Obama’s European Listening Tour Article

Obama’s European Listening Tour

At the 45th Munich conference on security policy in February, vice-president Joe Biden reminded America's European allies that the United States is ready to listen again. Referring to President Barack Obama's strategic review of US policy in Afghanistan and Pakistan in advance of Nato's 60th anniversary summit, Biden noted: "We seek ideas and input from you and all of our partners."

Pakistan is Closer Than You Think Article

Pakistan is Closer Than You Think

Now that the inaugural celebrations are over, we’ve moved into that difficult phase of the presidency called governing. To say that President Barack Obama faces unprecedented challenges is practically an understatement. At the very least, he faces greater challenges than any president since Franklin D. Roosevelt. On the international front alone, he must grapple with wars in Afghanistan and Iraq, a global financial meltdown, a sullied American reputation, an explosive situation in the Middle East, an aggressive Russia and a defiant Iran. And those are only a few of the more urgent items.

Spencer P. Boyer

Why Russia Can’t Be Ignored Article

Why Russia Can’t Be Ignored

The international conflict between Russia and Georgia over the status of Georgia's breakaway territory of South Ossetia rightly brought about hand-wringing from a war-weary international community. The crisis has already caused a humanitarian catastrophe in which thousands have been killed and tens of thousands have been displaced in and around South Ossetia.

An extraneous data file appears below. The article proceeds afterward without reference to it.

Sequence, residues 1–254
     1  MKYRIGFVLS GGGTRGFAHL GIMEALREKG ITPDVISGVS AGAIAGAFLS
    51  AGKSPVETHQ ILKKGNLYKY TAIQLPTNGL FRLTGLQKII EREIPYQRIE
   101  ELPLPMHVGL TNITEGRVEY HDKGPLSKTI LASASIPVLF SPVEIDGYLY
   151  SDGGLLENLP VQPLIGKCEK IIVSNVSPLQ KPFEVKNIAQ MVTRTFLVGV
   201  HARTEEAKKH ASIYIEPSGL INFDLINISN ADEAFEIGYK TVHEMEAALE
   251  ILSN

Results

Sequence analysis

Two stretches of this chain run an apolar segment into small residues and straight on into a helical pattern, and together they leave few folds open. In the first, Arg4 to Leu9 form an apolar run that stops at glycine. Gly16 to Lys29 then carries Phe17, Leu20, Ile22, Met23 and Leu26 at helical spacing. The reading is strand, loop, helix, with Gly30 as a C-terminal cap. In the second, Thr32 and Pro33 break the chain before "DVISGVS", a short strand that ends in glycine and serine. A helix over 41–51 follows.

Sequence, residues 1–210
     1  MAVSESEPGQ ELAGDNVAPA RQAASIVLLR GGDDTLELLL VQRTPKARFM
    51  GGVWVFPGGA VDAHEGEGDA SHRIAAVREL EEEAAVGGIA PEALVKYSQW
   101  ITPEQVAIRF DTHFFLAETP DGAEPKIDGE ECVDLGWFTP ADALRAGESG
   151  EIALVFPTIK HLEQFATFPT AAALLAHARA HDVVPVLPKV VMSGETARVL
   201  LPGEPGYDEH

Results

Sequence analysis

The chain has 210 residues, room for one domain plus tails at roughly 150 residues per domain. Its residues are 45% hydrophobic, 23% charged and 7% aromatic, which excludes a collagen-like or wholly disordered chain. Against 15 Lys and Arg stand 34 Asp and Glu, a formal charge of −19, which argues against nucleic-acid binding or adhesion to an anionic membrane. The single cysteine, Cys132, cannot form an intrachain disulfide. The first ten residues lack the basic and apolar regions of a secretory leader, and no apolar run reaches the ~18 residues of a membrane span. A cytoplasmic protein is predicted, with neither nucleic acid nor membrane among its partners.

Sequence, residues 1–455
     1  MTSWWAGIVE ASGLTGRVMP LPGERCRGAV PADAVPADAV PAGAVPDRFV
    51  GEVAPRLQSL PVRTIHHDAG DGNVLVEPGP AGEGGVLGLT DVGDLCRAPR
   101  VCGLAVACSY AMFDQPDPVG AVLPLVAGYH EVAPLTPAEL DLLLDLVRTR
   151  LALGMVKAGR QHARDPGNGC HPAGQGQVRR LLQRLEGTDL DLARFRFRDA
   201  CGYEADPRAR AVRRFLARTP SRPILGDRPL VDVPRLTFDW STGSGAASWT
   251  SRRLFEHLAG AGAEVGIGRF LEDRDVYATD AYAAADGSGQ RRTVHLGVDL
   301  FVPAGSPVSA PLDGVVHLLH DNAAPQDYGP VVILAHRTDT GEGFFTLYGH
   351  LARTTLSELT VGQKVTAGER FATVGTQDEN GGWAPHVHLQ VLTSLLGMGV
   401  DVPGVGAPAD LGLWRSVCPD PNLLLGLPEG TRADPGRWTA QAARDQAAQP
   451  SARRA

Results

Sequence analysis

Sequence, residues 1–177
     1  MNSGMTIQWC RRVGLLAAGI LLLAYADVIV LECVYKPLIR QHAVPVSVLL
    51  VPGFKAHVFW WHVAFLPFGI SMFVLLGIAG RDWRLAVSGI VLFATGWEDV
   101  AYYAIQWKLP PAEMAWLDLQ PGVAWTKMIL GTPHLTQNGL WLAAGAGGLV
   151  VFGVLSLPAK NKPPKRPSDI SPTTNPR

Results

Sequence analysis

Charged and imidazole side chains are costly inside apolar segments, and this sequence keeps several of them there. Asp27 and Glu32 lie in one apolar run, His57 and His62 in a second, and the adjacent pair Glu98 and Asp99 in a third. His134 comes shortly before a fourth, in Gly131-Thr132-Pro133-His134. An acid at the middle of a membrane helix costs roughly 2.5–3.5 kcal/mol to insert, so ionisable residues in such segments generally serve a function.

Spencer P. Boyer

An Unlikely Threat to Democracy Article

An Unlikely Threat to Democracy

When Turkey's chief prosecutor brought a lawsuit this spring asking the country's Constitutional Court to close down its governing political party, he set in motion a dangerous chain of events that could undue years of political and economic progress in Turkey.

Spencer P. Boyer

The NATO Summit in Bucharest Article

The NATO Summit in Bucharest

Afghanistan, missile defense, enlargement, and peacekeeping in Kosovo form a complex agenda for NATO's three-day conference that starts today.

Spencer P. Boyer, Caroline Wadhams

Just to Recap: Ridiculous War, Monumental Mistake Article

Just to Recap: Ridiculous War, Monumental Mistake

Five years ago, the United States invaded Iraq and set in motion a chain of events that most Americans wish had never been unleashed. While President Bush and Vice President Cheney have been making the rounds to convince a skeptical public that the war has been critical for America's national security interests, their words ring hollow. With 4,000 Americans killed, 30,000 wounded, and over half a trillion dollars spent so far, this unfortunate anniversary is the proper time to step back for a reality check.

Spencer P. Boyer

NATO: Expansion and Division Article

NATO: Expansion and Division

Putting countries on a path toward membership is good for security interests write Spencer Boyer and James Lamond; ambassador refutes claims.

Spencer P. Boyer